Search for native plants by scientific name, common name or family. If you are not sure what you are looking for, try the Combination Search or our Recommended Species lists.
Search native plant database:
Rubus occidentalis L.
Black raspberry, Thimbleberry
Synonym(s): Rubus occidentalis var. pallidus
USDA Symbol: RUOC
USDA Native Status: L48 (N), CAN (N)
A multi-stemmed shrub, 3-6 ft. tall and between 6-12 ft. wide. Commonly forms broad colonies. Long, slender, arching canes. Bark is purplish-red and armed with prickles. Blue-green summer foliage is palmately or pinnately compound, becoming yellowish in fall. Flat-topped clusters of five-petaled flowers are followed by round, raspberry-like, red berries which mature to black.
Plant CharacteristicsDuration: Perennial Habit: Shrub Leaf:
Black, Red Size Class:
Bloom InformationBloom Color: White
Bloom Time: May , Jun
, WV Canada: NB
, QC Native Distribution:
& n.c. CO,
s. to GA, LA, OK
& KS Native Habitat:
Open woods; bluffs; thickets; stream banks; wet meadows, roadsides & pastures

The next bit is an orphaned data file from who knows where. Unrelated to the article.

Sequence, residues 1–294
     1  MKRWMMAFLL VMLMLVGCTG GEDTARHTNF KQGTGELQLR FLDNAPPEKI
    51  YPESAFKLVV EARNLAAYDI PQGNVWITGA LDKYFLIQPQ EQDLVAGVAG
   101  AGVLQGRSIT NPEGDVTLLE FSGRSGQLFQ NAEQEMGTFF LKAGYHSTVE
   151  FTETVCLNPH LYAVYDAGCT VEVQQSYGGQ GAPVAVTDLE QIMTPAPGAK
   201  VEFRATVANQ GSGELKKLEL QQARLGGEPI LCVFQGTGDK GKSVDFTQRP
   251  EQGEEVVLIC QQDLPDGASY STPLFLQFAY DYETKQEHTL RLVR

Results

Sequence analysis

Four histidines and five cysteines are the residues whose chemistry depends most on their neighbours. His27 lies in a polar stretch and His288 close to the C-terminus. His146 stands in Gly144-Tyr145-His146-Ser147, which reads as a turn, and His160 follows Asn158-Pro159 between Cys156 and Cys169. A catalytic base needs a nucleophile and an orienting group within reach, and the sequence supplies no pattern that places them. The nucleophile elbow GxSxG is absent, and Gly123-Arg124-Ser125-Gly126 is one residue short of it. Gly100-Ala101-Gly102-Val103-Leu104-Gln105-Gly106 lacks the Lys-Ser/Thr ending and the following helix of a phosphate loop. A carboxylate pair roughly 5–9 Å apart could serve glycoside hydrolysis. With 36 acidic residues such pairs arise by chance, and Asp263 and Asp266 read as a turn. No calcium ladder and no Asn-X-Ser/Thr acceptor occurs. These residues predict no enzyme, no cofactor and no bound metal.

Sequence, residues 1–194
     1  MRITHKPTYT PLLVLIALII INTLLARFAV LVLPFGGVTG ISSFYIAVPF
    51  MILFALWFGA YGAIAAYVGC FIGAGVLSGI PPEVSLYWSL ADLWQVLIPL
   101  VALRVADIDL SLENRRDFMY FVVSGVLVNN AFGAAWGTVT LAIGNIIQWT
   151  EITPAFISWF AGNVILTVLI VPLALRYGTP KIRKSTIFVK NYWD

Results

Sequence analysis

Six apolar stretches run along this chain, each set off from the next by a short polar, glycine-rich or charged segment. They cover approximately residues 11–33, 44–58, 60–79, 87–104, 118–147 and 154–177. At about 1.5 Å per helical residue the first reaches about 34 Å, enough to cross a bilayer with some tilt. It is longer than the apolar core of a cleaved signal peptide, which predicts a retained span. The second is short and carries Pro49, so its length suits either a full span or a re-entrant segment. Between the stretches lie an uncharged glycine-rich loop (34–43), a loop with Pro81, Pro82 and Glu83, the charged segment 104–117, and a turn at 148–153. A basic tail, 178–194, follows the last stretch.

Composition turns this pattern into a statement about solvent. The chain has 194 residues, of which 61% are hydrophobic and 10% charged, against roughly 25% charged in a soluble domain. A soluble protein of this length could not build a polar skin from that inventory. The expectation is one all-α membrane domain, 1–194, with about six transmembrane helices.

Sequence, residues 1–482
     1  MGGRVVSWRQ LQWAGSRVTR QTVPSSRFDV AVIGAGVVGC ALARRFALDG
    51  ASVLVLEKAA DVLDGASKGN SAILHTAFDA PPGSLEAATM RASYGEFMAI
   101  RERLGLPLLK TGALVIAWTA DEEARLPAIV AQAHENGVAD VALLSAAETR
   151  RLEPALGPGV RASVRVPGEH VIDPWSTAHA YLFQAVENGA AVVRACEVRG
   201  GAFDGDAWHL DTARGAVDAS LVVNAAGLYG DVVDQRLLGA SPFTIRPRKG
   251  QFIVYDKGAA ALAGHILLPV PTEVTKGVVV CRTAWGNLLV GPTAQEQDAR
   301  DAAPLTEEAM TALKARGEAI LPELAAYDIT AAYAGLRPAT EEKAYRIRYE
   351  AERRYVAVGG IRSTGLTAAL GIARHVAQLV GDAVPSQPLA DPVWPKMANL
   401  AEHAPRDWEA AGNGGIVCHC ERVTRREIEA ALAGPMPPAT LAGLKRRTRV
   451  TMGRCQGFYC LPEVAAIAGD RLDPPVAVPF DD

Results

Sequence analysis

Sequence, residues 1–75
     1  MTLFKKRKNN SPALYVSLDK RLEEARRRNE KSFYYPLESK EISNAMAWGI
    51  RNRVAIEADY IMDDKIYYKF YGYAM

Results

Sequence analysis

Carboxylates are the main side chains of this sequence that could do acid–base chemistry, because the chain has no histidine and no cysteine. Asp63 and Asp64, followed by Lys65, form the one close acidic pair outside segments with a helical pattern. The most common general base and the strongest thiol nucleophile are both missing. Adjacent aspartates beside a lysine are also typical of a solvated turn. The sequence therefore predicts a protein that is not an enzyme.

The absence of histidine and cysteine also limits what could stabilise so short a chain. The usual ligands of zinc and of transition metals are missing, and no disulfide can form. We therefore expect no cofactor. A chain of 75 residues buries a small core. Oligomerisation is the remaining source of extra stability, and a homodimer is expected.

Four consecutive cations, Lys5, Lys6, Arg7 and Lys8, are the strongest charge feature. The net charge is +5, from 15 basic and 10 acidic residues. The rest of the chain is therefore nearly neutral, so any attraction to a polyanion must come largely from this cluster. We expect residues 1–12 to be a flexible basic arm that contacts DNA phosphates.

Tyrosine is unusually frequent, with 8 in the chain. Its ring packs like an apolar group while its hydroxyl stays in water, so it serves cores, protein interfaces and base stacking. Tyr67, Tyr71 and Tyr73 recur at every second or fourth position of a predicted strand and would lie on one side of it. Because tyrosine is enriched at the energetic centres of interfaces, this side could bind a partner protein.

Growing ConditionsWater Use: Medium
Light Requirement: Sun , Part Shade , Shade
Soil Moisture: Dry , Moist
Soil pH: Acidic (pH<6.8)
CaCO3 Tolerance: High
Soil Description: Gravelly or sandy loams.
Conditions Comments: A number of horticultural varieties have been developed from this species.
BenefitUse Wildlife: Very high for songbirds, game birds, and large and small mammals.
Warning: Plant has thorns or prickles.
Conspicuous Flowers: yes
PropagationDescription: Divisions, tip layering, and digging up suckers are the most common methods of propagation. Increase by seed is not as easy but is possible.
Seed Collection: Rubus fruits should be collected as soon as ripe to prevent losses to birds. The seeds can be extracted by macerating in water.
Seed Treatment: The hard, impermeable seed coat needs scarification. Both H2SO4 and sodium hypochlorite have been used. Scarification is sometimes followed by a complex combination of warm and cold stratification.
Commercially Avail: yes
Record Last Modified: 2012-06-30
Research By: TWC Staff